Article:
The Marshmallow Experiment

Uncategorized Jan 28, 2019

At Stanford University in 1960 the first marshmallow experiment was conducted and it revealed something incredible — something that could be the difference between you succeeding or failing over the long-term.

Picture this…

A child about 4 or 5 is brought into a room by a friendly researcher. The child sits down at a table, and in front of them is a tasty marshmallow.

The researcher lets the child know that they can eat the marshmallow right away if they want, or…they can wait about 15-minutes and they will be given a second marshmallow.

If they eat the marshmallow in front of them then they won’t get a second. But if they can wait, they will get double the treats!

The researcher leaves the room and this is where things get entertaining.

Watching video of the kids in the room is hilarious and enlightening at the same time.

Some kids can’t control themselves and chomp down the marshmallow the second the researcher leaves.

Other kids show a bit more restraint and try to distract themselves by moving about, jumping around and doing whatever they can to stay away from the treat — eventually, they give in and still eat the marshmallow.

Then there is another group of kids who make it the entire 15-minutes without eating the marshmallow. In watching the video you can clearly see that it is still a challenge for them — they still squirm and are quite restless, but they hold out long enough to get the extra reward.

So, what was the difference with these kids?

It came down to their ability to delay gratification.

These kids understood that short-term pain would lead to long-term gain.

And here’s where it gets interesting…

40 years after the initial experiment, researchers followed up with the participants and it was discovered that those who were able to delay gratification had higher SAT scores, and were significantly more competent and successful in their lives compared to the students who couldn’t delay gratification and ate the marshmallow.

Think about how this plays out in your life...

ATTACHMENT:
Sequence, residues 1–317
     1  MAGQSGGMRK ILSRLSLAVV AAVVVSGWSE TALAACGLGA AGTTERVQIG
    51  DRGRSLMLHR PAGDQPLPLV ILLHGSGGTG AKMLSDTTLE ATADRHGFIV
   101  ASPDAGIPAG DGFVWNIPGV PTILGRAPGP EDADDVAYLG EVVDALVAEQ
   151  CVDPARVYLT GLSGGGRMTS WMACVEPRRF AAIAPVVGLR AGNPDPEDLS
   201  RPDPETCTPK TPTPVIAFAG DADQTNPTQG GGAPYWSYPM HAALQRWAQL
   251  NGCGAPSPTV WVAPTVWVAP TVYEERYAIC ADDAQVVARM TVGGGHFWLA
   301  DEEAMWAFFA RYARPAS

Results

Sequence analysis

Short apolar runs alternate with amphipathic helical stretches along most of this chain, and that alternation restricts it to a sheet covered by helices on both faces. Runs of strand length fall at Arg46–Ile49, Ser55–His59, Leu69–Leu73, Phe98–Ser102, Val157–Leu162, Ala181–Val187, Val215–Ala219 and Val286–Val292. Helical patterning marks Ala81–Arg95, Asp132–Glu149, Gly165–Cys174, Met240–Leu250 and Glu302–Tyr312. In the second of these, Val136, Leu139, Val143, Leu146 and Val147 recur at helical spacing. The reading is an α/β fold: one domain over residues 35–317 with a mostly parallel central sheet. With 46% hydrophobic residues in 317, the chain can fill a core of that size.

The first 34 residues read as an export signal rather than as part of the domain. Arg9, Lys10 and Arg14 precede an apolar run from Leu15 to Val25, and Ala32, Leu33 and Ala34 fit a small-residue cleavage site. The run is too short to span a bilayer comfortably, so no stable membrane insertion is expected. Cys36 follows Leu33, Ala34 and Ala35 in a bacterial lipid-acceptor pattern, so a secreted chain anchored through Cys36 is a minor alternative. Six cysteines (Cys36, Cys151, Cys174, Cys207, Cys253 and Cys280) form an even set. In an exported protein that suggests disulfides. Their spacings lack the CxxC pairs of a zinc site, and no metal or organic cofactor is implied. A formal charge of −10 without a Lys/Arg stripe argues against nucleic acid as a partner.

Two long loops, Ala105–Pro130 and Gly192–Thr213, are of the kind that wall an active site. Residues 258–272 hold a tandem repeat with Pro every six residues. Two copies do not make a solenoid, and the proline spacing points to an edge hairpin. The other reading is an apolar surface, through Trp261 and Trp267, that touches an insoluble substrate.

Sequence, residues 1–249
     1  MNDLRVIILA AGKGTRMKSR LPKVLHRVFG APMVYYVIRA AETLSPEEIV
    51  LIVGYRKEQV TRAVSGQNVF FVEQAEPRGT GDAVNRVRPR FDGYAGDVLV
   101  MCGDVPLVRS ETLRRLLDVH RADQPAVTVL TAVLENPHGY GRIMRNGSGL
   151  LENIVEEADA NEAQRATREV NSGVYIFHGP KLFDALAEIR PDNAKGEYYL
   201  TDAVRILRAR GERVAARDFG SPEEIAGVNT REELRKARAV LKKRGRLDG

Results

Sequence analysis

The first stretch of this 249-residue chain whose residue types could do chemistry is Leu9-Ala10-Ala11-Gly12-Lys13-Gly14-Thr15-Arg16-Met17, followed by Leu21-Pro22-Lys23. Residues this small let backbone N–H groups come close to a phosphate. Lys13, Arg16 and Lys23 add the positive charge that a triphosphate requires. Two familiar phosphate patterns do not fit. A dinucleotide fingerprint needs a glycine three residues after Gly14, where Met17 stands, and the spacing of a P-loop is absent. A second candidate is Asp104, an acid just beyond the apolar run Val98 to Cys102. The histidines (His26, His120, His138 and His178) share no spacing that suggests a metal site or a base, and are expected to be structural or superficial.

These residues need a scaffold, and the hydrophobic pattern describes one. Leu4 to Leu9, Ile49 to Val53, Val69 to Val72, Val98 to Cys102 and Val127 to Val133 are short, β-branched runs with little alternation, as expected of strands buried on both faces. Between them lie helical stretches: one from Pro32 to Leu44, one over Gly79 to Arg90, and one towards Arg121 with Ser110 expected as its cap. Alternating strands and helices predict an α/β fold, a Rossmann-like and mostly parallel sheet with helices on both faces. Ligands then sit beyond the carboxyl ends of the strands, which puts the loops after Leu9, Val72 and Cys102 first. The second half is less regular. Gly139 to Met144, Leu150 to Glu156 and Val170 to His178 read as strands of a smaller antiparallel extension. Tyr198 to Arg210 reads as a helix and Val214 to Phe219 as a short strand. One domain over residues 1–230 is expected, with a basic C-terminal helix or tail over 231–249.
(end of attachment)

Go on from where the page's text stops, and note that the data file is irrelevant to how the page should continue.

• If you delay the gratification of spending money in the moment, you can save it for a later date and spend it on something bigger like a vacation.
  • If you delay gratification on a Sunday and clean up the house first thing in the morning, you then get the rest of the day to relax without the worry of needing to clean up.
  • If you delay gratification by not hitting snooze, you’ll get up earlier and accomplish more during the day.

There are many situations throughout the day when we’re all faced with the choice to delay gratification in the moment for a larger reward in the future. The more we can delay gratification, the more our future-self with thank us.

So can we become better at delaying gratification?

The answer is yes!

3-Steps to improving your ability to Delay Gratification

1.) Cultivate Clarity
Clearly knowing what you want and why you want it will give you strength in moments of weakness. It is much harder to delay gratification if don’t know why you are delaying gratification in the first place. Having clarity allows you to understand how delaying gratification will benefit you in the future.

2.) Reward Yourself
If you are delaying gratification because of a goal you are trying to achieve, make sure to set up milestones to reward yourself. Delaying gratification is hard work so having milestones of success along the way will keep you motivated and consistent.

3.) Positive Distraction
Don’t be fooled by the simplicity of this tactic. It works wonders and is easy to implement. In moments of weakness, look for something else to occupy your mind.


Keep your eye on the prize and watch out for the marshmallow moments during your day my friend!

- Dustin

For a good laugh, have a look at this video where they recreated the marshmallow experiment. 

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